Is Ebola Vaccine needed? We should all really pay attention now, for the sake of humanity. We saw the worst Ebola virus outbreak in history peak in 2014. The outbreak is near an end, new cases approaching zero. It’s crucial to note that the outbreak ended without the use of a vaccine. Remember that. Yes, there were 23,000 cases and 9,000 deaths from a horrible, painful disease. For perspective, 18 million people die each year from heart disease; deaths that can be prevented by lifestyle and behavior changes, according to the World Health Organization. Let that sink in. Remember that the Ebola outbreak ended without the need of a vaccine. Remember it because, now that the fear factor has been amped up, there are several drug companies working on Ebola vaccines, available very soon. We will be told they are necessary, perhaps even mandatory, even though we can see that an outbreak runs its course naturally.
The Ebola epidemic in Africa is ending because of many natural factors. Sanitation has improved, information is out on how the disease works and is spread. Cultural mores have shifted to consider the disease element. It’s important to note that two countries, Mali and Nigeria, were on the verge of epidemic but stopped it in its tracks without massive American involvement or a vaccine.
The reason it’s important for us to remember that the outbreak ended without the vaccine is that I guarantee you, in 20 years, after use of the Ebola vaccine is commonplace, mainstream medicine and agencies will claim that vaccine stopped the 2014 outbreak.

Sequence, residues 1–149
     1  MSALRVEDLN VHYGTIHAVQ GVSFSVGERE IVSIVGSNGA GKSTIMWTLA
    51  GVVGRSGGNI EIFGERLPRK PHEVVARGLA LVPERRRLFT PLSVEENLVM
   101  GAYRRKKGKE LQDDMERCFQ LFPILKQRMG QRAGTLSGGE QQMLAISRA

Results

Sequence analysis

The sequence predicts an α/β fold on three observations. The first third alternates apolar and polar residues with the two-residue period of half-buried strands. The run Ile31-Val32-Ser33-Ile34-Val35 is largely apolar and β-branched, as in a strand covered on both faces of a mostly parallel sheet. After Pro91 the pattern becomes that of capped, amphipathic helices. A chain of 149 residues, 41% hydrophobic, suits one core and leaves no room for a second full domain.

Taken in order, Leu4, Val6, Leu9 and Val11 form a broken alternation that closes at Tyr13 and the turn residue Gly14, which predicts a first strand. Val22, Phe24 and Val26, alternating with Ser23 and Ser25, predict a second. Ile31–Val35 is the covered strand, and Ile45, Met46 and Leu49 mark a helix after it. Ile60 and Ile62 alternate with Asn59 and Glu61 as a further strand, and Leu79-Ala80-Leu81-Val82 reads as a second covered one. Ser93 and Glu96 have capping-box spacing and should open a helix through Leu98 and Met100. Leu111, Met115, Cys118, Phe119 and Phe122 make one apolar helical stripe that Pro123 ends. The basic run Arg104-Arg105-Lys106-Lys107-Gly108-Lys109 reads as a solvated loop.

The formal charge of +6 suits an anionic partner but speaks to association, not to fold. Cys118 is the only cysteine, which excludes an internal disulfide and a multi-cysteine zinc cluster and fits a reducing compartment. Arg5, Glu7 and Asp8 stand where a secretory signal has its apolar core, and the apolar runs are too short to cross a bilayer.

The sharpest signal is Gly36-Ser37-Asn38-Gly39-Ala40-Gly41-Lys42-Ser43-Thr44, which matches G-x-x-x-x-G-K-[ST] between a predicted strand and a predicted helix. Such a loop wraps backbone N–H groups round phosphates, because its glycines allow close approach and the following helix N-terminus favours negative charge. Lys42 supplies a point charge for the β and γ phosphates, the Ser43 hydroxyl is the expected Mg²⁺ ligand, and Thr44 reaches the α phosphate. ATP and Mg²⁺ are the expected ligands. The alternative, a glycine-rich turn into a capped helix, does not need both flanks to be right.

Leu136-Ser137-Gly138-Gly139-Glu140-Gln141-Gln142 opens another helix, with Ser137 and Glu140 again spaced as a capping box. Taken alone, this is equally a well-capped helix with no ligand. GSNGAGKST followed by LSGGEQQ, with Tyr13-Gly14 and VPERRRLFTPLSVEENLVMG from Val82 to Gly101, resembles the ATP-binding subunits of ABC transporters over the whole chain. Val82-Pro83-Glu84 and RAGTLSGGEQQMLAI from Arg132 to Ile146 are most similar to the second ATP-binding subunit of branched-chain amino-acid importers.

History gets painted by the people who own the brushes. Multiple studies show that polio in the ‘50s, like Ebola in 2015, was in significant decline before the polio vaccine was available. In fact, after 1961, most cases of polio were attributed to a side effect of the vaccine itself. So the pro-vaxxers and anti-vaxxers are at loggerheads about polio vaccine and its role in the decline of polio in the 1950s outbreak.
Every disease epidemic in human history has declined naturally. Vectors lose inertia. It’s physics. We should temper our hubris with history.
The philosophical question. Are we teaching that the world is inherently a dangerous place when we should be teaching that the world is our home, is safe and we should stop fighting with it? Are we teaching too much of the fear factor? Shouldn’t there be a balance?
Humans try to control nature. Vaccines are an example. We constantly display disdain and disrespect for the holistic nature of existence. We think we’re above nature.
Another question is, if vaccines actually keep those vaccinated safe from disease, they why should it matter if Joe Blow chooses not to get the shot? If you got your shot and believe in it, they why should you worry? Profit motivation is another thorny question. How is it that the government indemnifies vaccine makers from legitimate claims by harmed citizens? Or take billions of taxpayer dollars and buy doses of useless vaccines? When people promoting the vaccines are being paid by the companies developing them, how is that unbiased?
Some vaccines seem to make sense. Some don’t. Some vaccines can make you sick. Consumers and parents should have the right to be informed, not brainwashed, and then make their own choices.
Heartland Healing is a metaphysically based polemic describing alternatives to conventional methods of healing the body, mind and planet. It is provided as information and entertainment, certainly not medical advice. Important to remember and pass on to others: for a weekly dose of Heartland Healing, visit HeartlandHealing.com.